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Her Own Story
As a teacher of teenagers with learning difficulties since 1989, Patricia Lear often had to invent her own materials. Patricia’s students ranged from those who had the scholastic capability of a five-year-old to those who had high capabilities but had no previous education. No existing materials seemed to fit the needs of the students in her classroom.
SightPhonics was written out of guilt. The main reading program used with her students was one that taught the things that did not help the students in real life because it either taught sight words to be memorized or took a very long time to complete.
So she created a book accompanied with an audio CD in effort to teach her students the letter names. They succeeded so quickly that she decided to teach them the letter sounds. Again the success was so fast that Patricia decided to move on to simple words. As they kept coming to her for more and more reading, she had to provide new lessons to keep up with their demands. Riding a wave of success story after success story, she finally decided to plan and bring to fruition a complete program for all of her learners. The program she developed coupled her reading program plan with the fundamental teaching concepts from a program that was used in the 1940s that had to be fast for farms workers who were not able to spend a lot of time in a classroom. The end result was SightPhonics.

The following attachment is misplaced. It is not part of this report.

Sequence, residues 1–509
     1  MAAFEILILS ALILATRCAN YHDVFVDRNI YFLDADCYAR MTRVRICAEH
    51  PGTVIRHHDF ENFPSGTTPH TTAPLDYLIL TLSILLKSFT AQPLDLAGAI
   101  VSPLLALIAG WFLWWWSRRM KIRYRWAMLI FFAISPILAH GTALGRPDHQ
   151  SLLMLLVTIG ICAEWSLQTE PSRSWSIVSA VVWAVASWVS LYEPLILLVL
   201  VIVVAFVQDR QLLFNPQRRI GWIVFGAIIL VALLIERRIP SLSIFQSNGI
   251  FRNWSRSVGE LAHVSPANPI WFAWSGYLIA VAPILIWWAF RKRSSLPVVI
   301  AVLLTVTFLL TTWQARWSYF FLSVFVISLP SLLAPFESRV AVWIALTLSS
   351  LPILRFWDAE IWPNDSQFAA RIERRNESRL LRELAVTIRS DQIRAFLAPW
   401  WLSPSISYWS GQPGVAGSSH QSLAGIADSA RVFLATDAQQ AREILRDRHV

Then one day a former co-worker told Patricia how upset she was that four of her students were returning to her Adult Basic Education class for the next semester. They had been in her class for the entire year and despite her efforts, she was not able to help them learn to read. This teacher used every reading program she could. She utilized library tutor systems and computers, but to no avail. She was at a loss about what to do for them, but knew she couldn’t send them away. Despite initially thinking it might possibly be too simplistic for adults, Patricia offered the SightPhonics program to her friend.
In the first 6 months, all four students using the SightPhonics program made their state benchmarks twice. The facility, which monetarily rewarded for each benchmark, received a substantial reward, and decided to buy their own copy. That was twenty years ago. They still use SightPhonics today.
It was Salinas Valley State Prison that changed everything. Patricia’s friend was a former teacher at the prison and she encouraged her (repeatedly) to bring the program to them. To Patricia’s shock the head of education at the prison purchased the program immediately after she concluded her presentation. This decision was of major importance because he had to obtain special permission to purchase the necessary CD players for use at the prison (the inmates make tattoo machines and other assorted items from them). She was well aware of what he had to go through to bring the program to the prisoners. She notes that it was “his inspiration that inspired me.”
Today we sell SightPhonics globally through the Internet and catalogs and have expanded it to be in three different versions. SightPhonics continues to bring stories of success and Patricia dearly loves them all. And it all started with a little bit of guilt-driven motivation!